Michelle just blogged about how important communication is. Here’s another aspect to consider when you’re communicating — do you speak a common language within your community. It will take a common language to ensure that everybody is in alignment on what is trying to be achieved, and on what the end state looks like.
If the objective of the change is to implement a new business process, and the new process is being described as “efficient”, what does that really mean? When it comes to defining a quality — which can often be considered to be nebulous — if you’re going to say you’ve achieved success you have to state that quality in measurable terms. So, define your terms as unambiguously as possible! If “efficient” means that you can produce ‘x’ units of product in an hour with ‘y’ degree of product quality, then use that level of detail when you define the term “efficient”.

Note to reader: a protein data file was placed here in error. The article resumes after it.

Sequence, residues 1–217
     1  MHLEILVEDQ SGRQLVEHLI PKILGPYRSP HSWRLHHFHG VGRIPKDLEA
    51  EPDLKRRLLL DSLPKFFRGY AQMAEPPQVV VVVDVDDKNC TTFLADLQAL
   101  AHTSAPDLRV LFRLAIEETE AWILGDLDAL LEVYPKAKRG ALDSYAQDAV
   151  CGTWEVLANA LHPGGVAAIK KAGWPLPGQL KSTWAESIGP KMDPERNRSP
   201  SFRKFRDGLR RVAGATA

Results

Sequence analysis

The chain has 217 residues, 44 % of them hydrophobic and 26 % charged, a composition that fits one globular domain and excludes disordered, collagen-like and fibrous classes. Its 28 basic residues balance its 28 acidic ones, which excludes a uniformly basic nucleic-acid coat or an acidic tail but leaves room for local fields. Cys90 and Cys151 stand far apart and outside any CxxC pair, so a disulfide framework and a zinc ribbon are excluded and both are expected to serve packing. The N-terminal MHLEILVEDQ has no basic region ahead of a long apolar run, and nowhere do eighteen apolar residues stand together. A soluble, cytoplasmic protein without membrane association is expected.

There are also terms that will be hard to define by language only. This is where having a good example and some sort of visual depiction of what you mean will be essential.
Let’s go back to the term of an “efficient” business process. You’ve been able to state with words the definition of “efficient” — produce ‘x’ units in an hour with ‘y’ degree of product quality — but that can still leave people wondering how they’re going to achieve that. This is where a picture can help to drive common understanding and provide a common language. One advantage to a picture is that everybody can point to a spot on the diagram and say “tell me more about this”, and you’re all in the same place.
There are several different notations that can be used to draw a picture of a business process — flowchart diagramming, swimlane diagramming, Business Process Modeling Notation (BPMN), Lean Six Sigma Process Maps, etc. It doesn’t matter which one you use as long as it can speak a language that everybody can understand.